Sometimes you’ve got to take the hardest line

Do you have fifty cents for the jukebox?

This month’s GLAM Blog Club topic (‘passion’) is, for me, a bit of a touchy subject. I’ve written before on people disagreeing with my passion choices, and the reactions I get from those who don’t understand why I care so much about librarianship.

These reactions fall into two groups: those who see a simple excess of passion in one area (which includes my work) and those who see a corresponding dearth of energy in other areas. ‘Get a hobby,’ they say. ‘Do something that isn’t work.’ I realised late last year that I really did have nothing in my life besides my job, which wasn’t healthy for a number of reasons, so I took up psychogeography and zinemaking. But I never lost sight of my true passion—librarianship. So this year, naturally, I’ve signed up for more library extra-curriculars than you can shake a stick at. I got a better job, too.

People, wasting away in paradise
Going backward, once in a while
Taking your time, give it a try

Many librarians are not as fortunate as I am. I have been richly rewarded for my passion. Yet I know so many brilliant people wasting away in their dream jobs. They have more to give, more to learn, more to change. More to accomplish. But the system is letting them down. So many passionate people hit the wall of library intransigence. They grow angry, frustrated and bitter. They burn out and lash out.

I can have all the brilliant ideas I want, but what chance do I have of actually making them happen? After all, I’m at the bottom of the ladder. I’m new and impatient. I don’t want to spend decades excavating the history of libraries, setting aside fossilised workflows and analysing collections with a stratigraphic eye. I don’t want to argue with brick walls. I don’t understand why people say ‘no’ all the time. It’s as if we forget who libraries are really for.

I also have to remember that I am but one person. And I owe it to those who’ve helped me get this far to not burn out in a fit of passion.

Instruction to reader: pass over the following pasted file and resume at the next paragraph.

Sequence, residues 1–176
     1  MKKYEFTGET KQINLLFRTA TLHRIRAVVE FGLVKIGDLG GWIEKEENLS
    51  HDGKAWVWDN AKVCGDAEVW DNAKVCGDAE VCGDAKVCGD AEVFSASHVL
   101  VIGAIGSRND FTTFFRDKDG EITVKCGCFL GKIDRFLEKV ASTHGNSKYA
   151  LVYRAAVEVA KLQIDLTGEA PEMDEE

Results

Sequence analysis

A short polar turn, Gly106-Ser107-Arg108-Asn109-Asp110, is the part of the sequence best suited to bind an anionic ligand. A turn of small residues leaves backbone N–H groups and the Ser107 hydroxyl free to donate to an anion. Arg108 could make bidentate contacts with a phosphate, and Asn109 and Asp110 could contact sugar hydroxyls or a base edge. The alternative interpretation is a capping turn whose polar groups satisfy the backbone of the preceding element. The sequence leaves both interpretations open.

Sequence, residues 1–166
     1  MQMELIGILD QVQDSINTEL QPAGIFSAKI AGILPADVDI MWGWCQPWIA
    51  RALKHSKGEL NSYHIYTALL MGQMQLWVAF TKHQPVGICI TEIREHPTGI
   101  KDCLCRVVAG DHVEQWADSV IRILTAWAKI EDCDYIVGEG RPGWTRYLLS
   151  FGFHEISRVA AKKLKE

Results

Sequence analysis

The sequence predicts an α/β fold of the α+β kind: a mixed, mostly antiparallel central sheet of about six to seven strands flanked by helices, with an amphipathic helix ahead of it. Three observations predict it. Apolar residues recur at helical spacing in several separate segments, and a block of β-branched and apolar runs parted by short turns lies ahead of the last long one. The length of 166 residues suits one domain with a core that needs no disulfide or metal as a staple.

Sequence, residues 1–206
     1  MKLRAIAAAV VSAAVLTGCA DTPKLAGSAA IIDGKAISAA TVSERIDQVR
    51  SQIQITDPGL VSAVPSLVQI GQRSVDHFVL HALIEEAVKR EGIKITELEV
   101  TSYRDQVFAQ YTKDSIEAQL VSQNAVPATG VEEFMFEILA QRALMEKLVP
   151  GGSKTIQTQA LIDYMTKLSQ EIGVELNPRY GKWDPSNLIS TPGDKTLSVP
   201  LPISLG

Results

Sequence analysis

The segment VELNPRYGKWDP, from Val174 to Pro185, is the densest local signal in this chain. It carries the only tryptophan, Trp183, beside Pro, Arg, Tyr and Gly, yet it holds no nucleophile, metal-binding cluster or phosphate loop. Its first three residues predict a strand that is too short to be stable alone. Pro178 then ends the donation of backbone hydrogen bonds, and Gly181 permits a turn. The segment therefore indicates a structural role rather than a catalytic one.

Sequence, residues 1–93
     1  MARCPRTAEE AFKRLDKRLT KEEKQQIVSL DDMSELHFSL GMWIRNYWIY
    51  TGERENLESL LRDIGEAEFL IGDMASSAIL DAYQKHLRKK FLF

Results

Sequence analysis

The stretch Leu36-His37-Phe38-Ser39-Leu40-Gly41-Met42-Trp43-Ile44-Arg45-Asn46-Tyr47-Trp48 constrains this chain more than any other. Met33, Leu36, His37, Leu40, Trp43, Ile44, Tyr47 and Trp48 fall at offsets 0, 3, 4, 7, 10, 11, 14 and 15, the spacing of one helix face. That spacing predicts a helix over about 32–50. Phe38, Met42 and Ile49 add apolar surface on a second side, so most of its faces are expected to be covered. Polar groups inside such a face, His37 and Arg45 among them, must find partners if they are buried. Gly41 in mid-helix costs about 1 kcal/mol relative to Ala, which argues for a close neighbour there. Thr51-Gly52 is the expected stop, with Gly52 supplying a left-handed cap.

What do you believe, what do you believe
What do you believe is true
Nothing they say makes a difference this way
Nothing they say will do

Most librarians can understand being passionate about the profession, but far fewer understand why anyone would be so passionate about cataloguing. To them, I recommend Junli Diao’s Passion of a Young Cataloger. It bursts with the promise of spring, of those who know no frosts, only warmth and growth and sunshine.

It remains popular for librarians to deride their cataloguing colleagues as being persnickety old bags who can’t see the forest for the trees. Look, I’ll be the first to admit cataloguers have a bit of an image problem. But I’m a little tired of people bagging me out for pursuing a career in something I enjoy, and in which I excel. There’s so much potential in library data, so much scope for improvement and advancement. I’d love to bring you all with me.

Take all the trouble that you can afford
At least you won’t have time to be bored
At least you won’t have time to be bored

Isn’t that the problem with being passionate? I work hard, study hard, walk fast, break things. My reward is more work. More stuff. More things I said ‘yes’ to, because I can’t help expending my passionate energy in the same places. Wasn’t that a key lesson from NLS8? Say ‘yes’ to things. But also say ‘no’ to things if they’re not right for you. The issue is that everyone is right. I ought to diversify. But I also know I’m the sort of person who likes to focus on a few select things. Do them well, or don’t do them at all.

Oh the power and the passion
Oh the temper of the time
Oh the power and the passion

This is my situation. All passion and no power. Libraries everywhere remain in thrall to the burnt-out and jaded. It will take more energy than I can give to bring about meaningful, long-lasting change. Powerful people won’t do anything. Passionate people won’t stay.

I am free to invest my passion and my energies wherever I like. But I can no longer afford to give all of myself to my profession, lest I burn out too.

Sometimes you’ve got to take the hardest line

Using web archives for document supply—a case study

Today I was asked to help with a curly document supply request. A distance student was looking for a particular article, which my colleagues had been unable to locate. Usually we think of document supply as resource sharing, but today was really more about resource finding. It’s also similar to reference queries about how to find journal articles, which we get all the time.